Supreme Order of Christ, Collar
Image courtesy of Andreas Thies
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The roots of this Order are believed to trace back to 1319 and the Papal Bull issued by Pope John XXII that create a way to recognize Catholics who fought to protect Catholicism by battling infidels.
In 1905, the honours awarded by the papacy were reorganized, and this Order was made the highest ranking papal Order by Pope Pius. Prior to 1905, the Order was known as the Order of Christ, and but the name was changed in 1905 to the Supreme Order of Christ.
This Order is traditionally awarded to Catholic Heads of State, or to anyone the Pope deems worthy. In 1966, Pope Paul VI restricted the recipients to Catholic Heads of State and made it so that it could only be conferred on extraordinary commemorative or celebratory occasions in the presence of the Pope. Thus the modern Order is rarely awarded.
As of 1993, following the death of King Baudouin I of Belgium, there are no living members of the Order.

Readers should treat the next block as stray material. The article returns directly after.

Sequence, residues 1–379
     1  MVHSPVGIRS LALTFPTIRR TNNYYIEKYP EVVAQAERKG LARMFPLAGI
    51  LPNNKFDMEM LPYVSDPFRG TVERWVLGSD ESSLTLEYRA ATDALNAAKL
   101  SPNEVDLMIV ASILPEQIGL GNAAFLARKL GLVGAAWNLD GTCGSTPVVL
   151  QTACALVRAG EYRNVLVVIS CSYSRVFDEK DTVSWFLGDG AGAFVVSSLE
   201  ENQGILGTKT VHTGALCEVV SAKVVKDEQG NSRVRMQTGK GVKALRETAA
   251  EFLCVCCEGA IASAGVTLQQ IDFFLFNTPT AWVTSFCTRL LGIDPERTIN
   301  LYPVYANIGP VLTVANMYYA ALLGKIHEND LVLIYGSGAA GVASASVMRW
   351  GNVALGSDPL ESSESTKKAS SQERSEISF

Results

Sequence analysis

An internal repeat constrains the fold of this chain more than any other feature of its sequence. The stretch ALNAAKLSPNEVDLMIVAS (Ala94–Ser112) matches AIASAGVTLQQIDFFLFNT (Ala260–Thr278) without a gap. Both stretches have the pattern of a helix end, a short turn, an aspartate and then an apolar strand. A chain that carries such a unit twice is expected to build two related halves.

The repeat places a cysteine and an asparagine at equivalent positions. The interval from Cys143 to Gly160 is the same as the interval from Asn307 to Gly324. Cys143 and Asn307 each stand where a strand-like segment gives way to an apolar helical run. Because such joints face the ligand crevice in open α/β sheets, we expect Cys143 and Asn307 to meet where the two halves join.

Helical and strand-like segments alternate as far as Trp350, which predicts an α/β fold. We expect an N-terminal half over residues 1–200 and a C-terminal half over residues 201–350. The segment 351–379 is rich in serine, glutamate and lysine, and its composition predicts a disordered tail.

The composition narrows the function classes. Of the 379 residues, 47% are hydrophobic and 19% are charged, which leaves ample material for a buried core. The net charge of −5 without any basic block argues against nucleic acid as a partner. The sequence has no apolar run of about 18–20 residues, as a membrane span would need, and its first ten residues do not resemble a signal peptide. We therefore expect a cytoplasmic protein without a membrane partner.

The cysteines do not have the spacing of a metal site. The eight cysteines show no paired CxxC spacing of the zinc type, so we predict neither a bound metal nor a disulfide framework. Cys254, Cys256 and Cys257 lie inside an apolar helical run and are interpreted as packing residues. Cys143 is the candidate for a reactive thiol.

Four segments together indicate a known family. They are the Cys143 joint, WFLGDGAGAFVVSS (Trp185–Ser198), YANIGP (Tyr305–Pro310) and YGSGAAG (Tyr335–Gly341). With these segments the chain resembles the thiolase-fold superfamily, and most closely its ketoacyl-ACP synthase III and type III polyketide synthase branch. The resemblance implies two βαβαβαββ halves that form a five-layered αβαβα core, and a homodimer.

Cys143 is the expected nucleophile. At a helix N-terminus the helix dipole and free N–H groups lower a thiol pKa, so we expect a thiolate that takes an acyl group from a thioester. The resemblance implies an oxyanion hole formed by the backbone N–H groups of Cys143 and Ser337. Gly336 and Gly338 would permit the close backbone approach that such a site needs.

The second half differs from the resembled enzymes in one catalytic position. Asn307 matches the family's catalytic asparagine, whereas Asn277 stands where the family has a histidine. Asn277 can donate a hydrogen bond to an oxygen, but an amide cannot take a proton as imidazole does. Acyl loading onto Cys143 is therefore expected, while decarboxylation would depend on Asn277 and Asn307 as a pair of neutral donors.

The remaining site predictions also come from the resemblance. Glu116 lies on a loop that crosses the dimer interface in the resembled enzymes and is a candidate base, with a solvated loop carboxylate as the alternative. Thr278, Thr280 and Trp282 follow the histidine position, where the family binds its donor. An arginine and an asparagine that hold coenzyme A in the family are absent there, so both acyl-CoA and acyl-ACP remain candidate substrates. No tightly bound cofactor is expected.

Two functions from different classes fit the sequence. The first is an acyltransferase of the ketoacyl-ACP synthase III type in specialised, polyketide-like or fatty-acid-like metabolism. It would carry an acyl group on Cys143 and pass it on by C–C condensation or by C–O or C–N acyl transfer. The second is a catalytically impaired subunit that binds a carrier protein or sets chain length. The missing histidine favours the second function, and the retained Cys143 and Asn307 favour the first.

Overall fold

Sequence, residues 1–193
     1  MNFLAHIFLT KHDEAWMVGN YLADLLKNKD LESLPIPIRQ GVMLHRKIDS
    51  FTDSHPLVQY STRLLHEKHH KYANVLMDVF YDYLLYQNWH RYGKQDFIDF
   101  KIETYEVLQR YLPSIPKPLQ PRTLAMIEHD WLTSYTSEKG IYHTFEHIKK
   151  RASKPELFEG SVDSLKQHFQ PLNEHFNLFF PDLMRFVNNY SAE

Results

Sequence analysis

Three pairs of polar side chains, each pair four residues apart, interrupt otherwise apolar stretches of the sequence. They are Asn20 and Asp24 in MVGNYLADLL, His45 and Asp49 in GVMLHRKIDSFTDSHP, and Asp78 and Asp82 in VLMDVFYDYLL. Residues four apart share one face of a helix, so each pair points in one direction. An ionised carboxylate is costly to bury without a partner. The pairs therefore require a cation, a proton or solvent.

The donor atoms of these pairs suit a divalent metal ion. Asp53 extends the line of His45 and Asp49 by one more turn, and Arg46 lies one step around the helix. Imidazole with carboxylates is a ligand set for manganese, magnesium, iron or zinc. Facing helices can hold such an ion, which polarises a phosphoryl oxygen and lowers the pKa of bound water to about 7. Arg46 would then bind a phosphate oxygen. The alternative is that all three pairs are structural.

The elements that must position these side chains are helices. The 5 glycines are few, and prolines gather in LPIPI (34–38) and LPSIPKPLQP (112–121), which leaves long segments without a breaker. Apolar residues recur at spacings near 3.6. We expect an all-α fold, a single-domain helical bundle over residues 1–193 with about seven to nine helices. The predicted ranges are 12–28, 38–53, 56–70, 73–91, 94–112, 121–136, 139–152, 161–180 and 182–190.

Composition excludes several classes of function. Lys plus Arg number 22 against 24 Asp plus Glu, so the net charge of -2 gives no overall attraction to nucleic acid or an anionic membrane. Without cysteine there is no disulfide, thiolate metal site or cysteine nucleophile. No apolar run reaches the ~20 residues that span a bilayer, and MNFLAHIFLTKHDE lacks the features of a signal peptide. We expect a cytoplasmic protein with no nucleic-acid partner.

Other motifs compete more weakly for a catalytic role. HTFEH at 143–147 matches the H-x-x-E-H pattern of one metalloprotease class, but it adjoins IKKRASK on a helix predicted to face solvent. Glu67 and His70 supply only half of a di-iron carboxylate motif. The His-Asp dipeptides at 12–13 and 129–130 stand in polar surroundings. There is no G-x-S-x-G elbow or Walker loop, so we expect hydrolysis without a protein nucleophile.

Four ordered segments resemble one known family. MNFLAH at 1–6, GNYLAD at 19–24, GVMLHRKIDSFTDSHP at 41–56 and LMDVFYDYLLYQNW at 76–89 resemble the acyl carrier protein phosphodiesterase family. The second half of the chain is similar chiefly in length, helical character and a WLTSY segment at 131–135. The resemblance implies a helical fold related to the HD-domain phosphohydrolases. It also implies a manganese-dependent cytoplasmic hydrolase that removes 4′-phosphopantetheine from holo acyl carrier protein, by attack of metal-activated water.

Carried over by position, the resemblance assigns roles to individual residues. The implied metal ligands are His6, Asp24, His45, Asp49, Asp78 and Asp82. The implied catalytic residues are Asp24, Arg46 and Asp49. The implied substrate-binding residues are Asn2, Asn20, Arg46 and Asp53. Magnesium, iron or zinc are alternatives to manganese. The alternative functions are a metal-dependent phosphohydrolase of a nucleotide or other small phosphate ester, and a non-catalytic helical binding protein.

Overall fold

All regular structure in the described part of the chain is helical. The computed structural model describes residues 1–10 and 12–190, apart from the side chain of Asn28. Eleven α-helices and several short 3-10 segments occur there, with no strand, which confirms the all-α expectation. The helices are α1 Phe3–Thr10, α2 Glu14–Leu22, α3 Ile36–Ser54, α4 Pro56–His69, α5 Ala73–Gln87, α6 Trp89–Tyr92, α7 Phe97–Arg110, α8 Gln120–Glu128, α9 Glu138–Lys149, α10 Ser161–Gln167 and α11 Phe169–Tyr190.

Recipients of the Order are granted the title “Knight of the Order of Christ.”
The Order is also known as the Order of the Knights of Christ and the Order of Christ.
The Collar was added to the Order later by Pope Pius X.
The 11 alternating links and badge on the Collar feature images of the papal emblem and the emblem of the Order.
Recipients are bestowed with a prefix after being emitted into the Order, with Knight for men and Dame for women.
See Military Order of Christ in the Orders of Portugal, and the Order of Christ in the Orders of Brazil for more information.
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